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Book Review: The Lieutenant, by Kate Grenville

Kate Grenville is one of Australia’s most acclaimed writers. The Lieutenant (2008) is the second of her books dealing with the first contact between the Aboriginal inhabitants of Australia and the new arrivals from Britain, and is set before her best known work Secret River (2006), which was shortlisted for the Man Booker Prize.

Daniel Rooke is a clever young mathematician with an interest in languages, but his humble background and lack of connections makes it hard for him to advance in England in the 1770s. He joins the Royal Marines as a second lieutenant – being unable to afford a commission in the Navy – and excels at navigation. He finds social relationships difficult, but manages to get along well enough with his fellow junior officers. Nevertheless, he always feels an outsider. Wounded in the American War of Independence, he returns to England with no prospects, and is pleased to accept a place on the Sirius, flagship of the motley first fleet of ships assembled to transport convicts to the almost completely unknown continent of Australia. Once there, he adjusts quite quickly to the strange plants and animals, and begins to learn the language of the local Cadigal (or Gadigal) people. But anyone with even a passing knowledge of the history of white settlement in Australia will easily guess that this is not going to end well, and Grenville gives plenty of clues to this along the way.

In Rooke, Grenville has created a most appealing character through whose eyes we begin to see that an environment that seems harsh and unwelcoming to most white inhabitants of Sydney Cove, convicts and their gaolers alike, is full of interest and even pleasure. Rooke, the outsider, can ‘enter the strangeness and lose himself in it.’ He is a scientist; he thinks rationally about his environment. His greatest interest is in the Cadigal language, which he sees as the key to unlocking an understanding of the Aboriginal people. He knows that language is ‘more than a list of words’, it is a machine; ‘to make it work, each part had to be understood in relation to all the other parts’. And he realises that he can do this, and that ‘everything in his life had been leading here’. His main helper in this project is a young girl, Tagaran. With her, he realises that even understanding language as a mirror of culture is but a step on a path to deeper understanding which goes beyond science: ‘It was the heart of talking, not just the words and not just the meaning, but the way in which two people had found common ground and begun to discover the true names of things.’ In this context, he was no longer an outsider. ‘Tagaran was teaching him a word, and by it was showing him a world.’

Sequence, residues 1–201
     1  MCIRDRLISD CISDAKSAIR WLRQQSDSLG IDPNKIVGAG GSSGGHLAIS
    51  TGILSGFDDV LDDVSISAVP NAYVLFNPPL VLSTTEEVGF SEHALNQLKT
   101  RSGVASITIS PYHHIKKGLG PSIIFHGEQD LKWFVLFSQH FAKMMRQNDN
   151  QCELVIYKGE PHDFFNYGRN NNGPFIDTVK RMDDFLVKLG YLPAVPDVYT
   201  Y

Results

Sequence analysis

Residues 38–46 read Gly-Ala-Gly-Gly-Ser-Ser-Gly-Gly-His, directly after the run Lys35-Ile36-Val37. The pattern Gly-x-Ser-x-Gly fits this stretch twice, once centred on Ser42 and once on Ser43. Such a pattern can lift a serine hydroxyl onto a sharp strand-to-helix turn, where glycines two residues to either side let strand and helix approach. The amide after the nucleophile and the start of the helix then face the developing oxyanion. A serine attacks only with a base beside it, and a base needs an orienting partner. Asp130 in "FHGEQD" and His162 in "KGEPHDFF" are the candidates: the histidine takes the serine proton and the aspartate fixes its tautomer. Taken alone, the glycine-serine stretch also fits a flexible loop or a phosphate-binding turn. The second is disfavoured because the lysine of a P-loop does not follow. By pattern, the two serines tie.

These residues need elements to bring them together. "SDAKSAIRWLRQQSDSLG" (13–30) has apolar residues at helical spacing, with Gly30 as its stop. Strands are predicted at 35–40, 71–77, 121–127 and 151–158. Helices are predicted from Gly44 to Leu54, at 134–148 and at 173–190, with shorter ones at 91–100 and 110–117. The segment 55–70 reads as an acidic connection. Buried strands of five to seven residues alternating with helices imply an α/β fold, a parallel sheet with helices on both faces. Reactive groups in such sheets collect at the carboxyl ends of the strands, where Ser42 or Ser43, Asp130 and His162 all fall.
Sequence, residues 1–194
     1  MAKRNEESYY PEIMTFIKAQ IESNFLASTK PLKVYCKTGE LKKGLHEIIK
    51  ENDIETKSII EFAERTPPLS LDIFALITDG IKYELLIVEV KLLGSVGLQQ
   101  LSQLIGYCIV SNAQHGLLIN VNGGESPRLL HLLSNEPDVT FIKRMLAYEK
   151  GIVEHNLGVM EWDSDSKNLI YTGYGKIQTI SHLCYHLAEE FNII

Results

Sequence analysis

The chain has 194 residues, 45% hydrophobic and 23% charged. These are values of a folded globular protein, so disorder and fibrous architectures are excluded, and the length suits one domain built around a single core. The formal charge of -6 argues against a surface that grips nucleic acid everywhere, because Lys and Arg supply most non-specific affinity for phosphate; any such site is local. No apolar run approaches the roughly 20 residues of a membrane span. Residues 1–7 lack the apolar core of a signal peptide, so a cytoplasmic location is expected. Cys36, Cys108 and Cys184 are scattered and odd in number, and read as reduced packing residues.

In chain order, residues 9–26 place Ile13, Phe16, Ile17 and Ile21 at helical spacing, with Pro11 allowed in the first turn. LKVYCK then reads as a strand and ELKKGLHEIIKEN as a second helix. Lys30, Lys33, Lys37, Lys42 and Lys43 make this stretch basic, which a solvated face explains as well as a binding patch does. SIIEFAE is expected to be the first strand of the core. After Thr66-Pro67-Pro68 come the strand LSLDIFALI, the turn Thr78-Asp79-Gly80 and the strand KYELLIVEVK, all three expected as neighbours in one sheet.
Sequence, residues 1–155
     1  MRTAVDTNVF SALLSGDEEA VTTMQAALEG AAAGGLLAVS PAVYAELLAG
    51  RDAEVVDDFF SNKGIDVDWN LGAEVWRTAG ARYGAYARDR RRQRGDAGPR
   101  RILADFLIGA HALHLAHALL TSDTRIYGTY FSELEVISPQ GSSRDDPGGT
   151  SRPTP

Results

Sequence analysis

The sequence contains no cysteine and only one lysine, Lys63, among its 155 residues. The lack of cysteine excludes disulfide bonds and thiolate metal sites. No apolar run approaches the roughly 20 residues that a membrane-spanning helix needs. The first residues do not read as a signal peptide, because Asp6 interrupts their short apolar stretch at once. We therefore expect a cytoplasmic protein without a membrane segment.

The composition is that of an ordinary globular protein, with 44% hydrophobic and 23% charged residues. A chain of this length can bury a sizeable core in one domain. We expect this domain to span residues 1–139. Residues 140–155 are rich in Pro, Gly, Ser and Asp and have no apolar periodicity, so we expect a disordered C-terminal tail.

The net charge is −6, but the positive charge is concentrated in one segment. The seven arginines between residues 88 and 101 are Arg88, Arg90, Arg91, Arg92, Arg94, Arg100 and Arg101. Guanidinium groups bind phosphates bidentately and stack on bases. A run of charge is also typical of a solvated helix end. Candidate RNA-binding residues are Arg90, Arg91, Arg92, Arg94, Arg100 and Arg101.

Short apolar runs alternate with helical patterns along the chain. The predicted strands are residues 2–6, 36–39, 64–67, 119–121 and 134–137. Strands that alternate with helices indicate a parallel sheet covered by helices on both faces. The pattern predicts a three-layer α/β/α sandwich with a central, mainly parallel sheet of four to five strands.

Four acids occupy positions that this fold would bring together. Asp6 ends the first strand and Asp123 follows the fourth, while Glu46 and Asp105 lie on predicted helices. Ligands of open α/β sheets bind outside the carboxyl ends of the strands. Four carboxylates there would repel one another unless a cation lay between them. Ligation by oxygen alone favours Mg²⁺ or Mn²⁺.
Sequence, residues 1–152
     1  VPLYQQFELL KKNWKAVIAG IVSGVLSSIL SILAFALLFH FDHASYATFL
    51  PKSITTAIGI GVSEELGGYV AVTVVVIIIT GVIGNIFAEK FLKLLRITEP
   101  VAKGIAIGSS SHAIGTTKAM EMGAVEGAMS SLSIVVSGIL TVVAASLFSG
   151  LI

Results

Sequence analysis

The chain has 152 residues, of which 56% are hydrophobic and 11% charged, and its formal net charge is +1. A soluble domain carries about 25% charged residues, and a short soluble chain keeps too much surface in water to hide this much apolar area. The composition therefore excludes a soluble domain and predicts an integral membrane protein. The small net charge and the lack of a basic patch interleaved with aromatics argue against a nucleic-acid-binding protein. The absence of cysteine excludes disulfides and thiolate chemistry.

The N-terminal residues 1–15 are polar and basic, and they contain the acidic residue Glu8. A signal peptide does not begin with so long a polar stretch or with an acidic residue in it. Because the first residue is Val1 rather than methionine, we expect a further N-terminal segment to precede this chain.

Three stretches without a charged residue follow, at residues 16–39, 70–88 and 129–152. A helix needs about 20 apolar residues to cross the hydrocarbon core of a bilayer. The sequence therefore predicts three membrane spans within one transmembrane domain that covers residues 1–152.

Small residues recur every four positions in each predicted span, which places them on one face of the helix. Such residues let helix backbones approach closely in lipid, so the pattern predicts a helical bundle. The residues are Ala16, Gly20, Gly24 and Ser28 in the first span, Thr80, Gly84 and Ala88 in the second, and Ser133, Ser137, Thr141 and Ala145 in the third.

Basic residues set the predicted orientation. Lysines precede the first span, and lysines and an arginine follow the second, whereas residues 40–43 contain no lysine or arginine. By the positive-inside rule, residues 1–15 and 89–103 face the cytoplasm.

This is, of course, a work which imaginatively re-creates history, rather than one of pure invention. There was indeed such a Lieutenant of Marines as Daniel Rooke; his name was William Dawes, and he did learn a lot of the Cadigal language and fill notebooks with it as Daniel does in the story. The fateful moral decision Rooke makes is very similar to that made by Dawes, and Rooke’s subsequent history, as told in the final section, is the same as that of Dawes. You can read Dawes’s biography here. (The word with which Tagaran shows Daniel ‘the world’ is in notebook B21, though her name doesn’t appear.) Using Dawes’s story with different names allows there to be a certain timeless quality about it: a lonely man finding himself through contact with indigenous peoples could happen at any time in any place of first contact. So equally can his story of loss of innocence.

For all that, there is real history involved, and while Grenville is not trying to tell that history, I think she is a bit light on historical detail. Rooke seems to have been left alone to an unlikely degree, and to have remarkably little to do. The real Lieutenant Dawes played a much more active role in the colony, in addition to his work with the Cadigal language. Here, Grenville may be emphasising Rooke’s isolation for reasons of the story. The very early years of the colony were even harsher than Grenville suggests. She doesn’t really explain just how dire the food situation was and doesn’t really explore the paradox of a starving white community existing alongside a well-fed Aboriginal one. Her portrait of Governor Phillip (Gilbert in the story) seems overly harsh to me, though perhaps she knows more about him than I do, or perhaps this is another device to heighten Rooke’s position as an outsider. You can read about Phillip here. I always thought he did as well as it was possible to do as governor of a harsh penal colony, and that he genuinely didn’t wish to harm the Aboriginal population – not merely for strategic reasons, but also for humane ones.  But harmed they were, and more deeply and quickly, I would have thought, than Grenville suggests. Before there was any official policy of reprisal against them, Aboriginal people were dying of the cholera and influenza brought by the first fleet, and according to Robert Hughes’s The Fatal Shore, by 1789, ‘black corpses were a common sight’. Could Rooke and Tagaran’s friendship have flourished in such conditions? Or did Dawes, unlike Rooke, get no further than listing the mechanics of the Cadigal language? One thing is certain: Dawes’s recording of the Cadigal language has been vital to its survival today.

You can read more about Kate Grenville and her work here. And here is an interesting review of this book.  A more recent book, Sarah Thornhill (2011) forms a sort of trilogy with it and The Secret River. You can find the spot where Rooke sets up his hut, now Dawes Point, close to the southern end of the Sydney Harbour Bridge.


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